# I have a container that has CO2 in it. The root-mean-square speed of the gas is equal to 329 m/s. I need to calculate: 1) the molar mass of the gas 2) the temperature of it (therefore I must treat the gas as an ideal gas) 3) I have to demonstrate the dependence of the root-mean-square speed of the pressure exerted by the molecules of an ideal gas on the walls of a cubic recipient. With regard to the 1) problem, I need to consider the formula of the root-mean-square speed. `rms = sqrt((3RT)/(M)) or rms = sqrt((3P)/(d))` The first formula has got the molar mass in it. That's clearly a clue. The problem is that I don't know the temperature of the gas. So, there's no way to use the first formula. With regard to the 2) problem, I clearly have to use the ideal gas law, `PV = RnT` A lot of variables are missing, such as the volume (though I could calculate it with the second rms formula I posted above since I have the density but not the mass). With regard to the 3) problem, I don't know what the problem is asking. I appreciate your help. Yes, you are correct. P/d is substituted for RT/M. Thank you!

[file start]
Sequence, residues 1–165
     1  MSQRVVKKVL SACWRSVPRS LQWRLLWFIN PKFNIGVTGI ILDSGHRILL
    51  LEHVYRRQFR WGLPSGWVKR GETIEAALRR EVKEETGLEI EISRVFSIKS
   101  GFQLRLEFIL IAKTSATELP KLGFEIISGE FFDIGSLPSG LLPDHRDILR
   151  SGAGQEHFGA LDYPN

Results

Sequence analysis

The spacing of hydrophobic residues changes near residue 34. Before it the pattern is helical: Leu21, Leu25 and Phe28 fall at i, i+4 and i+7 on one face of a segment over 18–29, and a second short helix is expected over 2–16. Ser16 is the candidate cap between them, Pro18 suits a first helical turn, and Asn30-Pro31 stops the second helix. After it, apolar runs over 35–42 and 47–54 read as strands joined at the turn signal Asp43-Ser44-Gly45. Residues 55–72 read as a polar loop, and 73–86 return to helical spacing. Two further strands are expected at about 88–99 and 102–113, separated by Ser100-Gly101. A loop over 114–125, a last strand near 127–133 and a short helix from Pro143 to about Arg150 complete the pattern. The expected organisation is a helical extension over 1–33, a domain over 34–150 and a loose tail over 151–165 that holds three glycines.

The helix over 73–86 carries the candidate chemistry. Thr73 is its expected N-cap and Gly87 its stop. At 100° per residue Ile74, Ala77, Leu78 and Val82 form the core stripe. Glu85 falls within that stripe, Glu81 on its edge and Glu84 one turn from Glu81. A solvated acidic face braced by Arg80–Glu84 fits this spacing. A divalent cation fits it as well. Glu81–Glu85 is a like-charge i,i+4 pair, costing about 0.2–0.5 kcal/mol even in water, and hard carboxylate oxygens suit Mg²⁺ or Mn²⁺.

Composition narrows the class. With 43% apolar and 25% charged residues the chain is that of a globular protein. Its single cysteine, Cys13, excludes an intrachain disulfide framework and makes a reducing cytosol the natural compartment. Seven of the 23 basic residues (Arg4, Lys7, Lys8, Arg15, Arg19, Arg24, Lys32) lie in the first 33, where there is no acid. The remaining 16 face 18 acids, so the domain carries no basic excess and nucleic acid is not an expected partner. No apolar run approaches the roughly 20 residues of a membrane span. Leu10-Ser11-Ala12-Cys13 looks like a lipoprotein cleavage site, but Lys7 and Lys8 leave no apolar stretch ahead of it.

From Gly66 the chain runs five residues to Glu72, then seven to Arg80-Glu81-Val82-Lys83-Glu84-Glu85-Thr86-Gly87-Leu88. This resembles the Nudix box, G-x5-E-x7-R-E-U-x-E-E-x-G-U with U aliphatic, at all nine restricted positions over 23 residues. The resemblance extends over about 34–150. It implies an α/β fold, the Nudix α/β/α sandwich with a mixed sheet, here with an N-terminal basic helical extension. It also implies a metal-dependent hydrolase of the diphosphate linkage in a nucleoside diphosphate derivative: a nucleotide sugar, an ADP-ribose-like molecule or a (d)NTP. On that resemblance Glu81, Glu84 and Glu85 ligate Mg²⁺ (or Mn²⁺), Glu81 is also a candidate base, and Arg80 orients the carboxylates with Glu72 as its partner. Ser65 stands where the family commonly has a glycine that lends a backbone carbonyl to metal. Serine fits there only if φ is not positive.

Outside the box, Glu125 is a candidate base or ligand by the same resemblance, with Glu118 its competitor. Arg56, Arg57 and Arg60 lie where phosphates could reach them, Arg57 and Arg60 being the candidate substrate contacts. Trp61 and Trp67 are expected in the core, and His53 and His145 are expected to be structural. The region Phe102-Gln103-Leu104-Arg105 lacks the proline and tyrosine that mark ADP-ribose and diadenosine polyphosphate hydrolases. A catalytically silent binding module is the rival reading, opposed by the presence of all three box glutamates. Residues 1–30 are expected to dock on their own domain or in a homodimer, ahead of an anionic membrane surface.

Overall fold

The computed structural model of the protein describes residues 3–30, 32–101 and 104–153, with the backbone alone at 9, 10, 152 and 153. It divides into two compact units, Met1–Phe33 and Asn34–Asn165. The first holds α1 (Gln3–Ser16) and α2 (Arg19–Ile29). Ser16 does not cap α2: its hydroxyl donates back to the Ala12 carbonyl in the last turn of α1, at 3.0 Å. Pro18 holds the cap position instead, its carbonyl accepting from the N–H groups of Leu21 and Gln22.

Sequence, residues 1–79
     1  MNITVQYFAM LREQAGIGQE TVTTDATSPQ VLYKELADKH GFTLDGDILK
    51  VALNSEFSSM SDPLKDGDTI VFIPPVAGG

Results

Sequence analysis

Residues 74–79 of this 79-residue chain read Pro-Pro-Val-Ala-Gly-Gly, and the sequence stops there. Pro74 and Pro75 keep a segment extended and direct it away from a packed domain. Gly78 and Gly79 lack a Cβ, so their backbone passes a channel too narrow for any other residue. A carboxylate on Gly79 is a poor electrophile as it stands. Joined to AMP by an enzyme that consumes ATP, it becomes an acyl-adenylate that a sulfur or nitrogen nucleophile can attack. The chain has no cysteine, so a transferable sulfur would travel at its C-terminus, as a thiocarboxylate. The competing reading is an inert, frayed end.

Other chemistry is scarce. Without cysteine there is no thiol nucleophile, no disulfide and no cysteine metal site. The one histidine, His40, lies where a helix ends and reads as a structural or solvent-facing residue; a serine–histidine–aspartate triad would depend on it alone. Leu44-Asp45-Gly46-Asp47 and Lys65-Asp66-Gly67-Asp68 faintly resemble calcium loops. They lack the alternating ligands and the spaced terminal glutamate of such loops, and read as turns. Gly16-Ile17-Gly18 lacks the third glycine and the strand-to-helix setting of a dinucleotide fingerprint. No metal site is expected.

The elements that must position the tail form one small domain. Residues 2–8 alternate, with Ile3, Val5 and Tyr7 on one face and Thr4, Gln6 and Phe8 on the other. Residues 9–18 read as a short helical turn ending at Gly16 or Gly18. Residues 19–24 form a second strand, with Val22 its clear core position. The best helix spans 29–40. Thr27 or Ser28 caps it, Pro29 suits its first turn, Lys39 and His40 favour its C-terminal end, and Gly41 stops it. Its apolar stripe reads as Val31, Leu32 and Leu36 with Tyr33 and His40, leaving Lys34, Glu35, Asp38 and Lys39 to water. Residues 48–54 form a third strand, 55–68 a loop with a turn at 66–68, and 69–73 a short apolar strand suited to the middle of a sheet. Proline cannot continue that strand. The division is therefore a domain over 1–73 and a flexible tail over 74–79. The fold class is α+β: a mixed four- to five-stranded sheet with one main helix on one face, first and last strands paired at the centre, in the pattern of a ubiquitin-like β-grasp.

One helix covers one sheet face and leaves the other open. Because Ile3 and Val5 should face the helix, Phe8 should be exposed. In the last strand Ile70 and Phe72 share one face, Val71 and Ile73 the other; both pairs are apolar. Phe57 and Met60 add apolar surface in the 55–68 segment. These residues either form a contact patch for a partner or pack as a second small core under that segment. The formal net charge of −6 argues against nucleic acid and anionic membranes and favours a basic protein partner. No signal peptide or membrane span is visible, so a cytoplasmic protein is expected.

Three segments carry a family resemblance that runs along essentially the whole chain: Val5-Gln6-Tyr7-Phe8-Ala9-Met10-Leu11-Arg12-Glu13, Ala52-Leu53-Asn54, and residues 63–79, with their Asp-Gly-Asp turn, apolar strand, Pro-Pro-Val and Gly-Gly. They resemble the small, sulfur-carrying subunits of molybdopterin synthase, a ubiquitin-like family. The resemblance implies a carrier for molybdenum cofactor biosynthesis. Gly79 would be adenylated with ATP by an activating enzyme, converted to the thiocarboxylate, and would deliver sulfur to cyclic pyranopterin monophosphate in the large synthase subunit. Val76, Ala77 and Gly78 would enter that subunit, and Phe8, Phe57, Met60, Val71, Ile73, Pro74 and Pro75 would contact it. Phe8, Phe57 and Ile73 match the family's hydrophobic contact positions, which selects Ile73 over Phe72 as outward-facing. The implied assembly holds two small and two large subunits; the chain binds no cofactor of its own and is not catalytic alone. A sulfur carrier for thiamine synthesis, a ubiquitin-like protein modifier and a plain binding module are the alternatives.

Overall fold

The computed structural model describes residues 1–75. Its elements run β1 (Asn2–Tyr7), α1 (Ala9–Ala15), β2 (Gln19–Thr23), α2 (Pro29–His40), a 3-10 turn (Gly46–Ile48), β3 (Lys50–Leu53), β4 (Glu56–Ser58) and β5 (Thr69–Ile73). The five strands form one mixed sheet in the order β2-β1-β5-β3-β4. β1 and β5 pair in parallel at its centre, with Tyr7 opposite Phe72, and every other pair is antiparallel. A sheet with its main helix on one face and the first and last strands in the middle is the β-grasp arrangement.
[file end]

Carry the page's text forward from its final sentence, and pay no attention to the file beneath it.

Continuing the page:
Approved by eNotes Editorial Team 1) The molar mass of CO2  = 12.1 g/mol + 2(16.0 g/mol) = 44.1 g/mol

2) Knowing the molar mass allows you to use the rms velocity equation to calculate temperature:

`rms =sqrt((3RT)/M)`

Where R = 8.3145 (kg-m^2/sec^2)/K-mol,

and M = 44.1 g/mol = 0.0441 kg/mol

`(rms)^2 = (3RT)/M`

`T = (rms)^2(M)/(3(8.3145))`

`T = [(108241 m^2/s^2)(.0441)( kg)/(mol)]/(3((8.3145 kg (m)^2)/((sec)^2 mol K))`

` `

`T = 191K`

The equation `rms =sqrt((3P)/d)`  shows the dependence of of rms velocity on pressure: The rms velocity is proportional to the square root of pressure or pressure is proportional to the square of the rms velocity when other factors in the equation remain constant.

This equation is derived from `rms=sqrt((3RT)/M)`  by:

1. susbstituting (mass/molar mass) for n in the ideal gas equation, and

2. substituting density for mass/volume:

PV=nRT

P=nRT/V

P=mRT/MV

P=dRT/M

P/d=RT/M

Approved by eNotes Editorial Team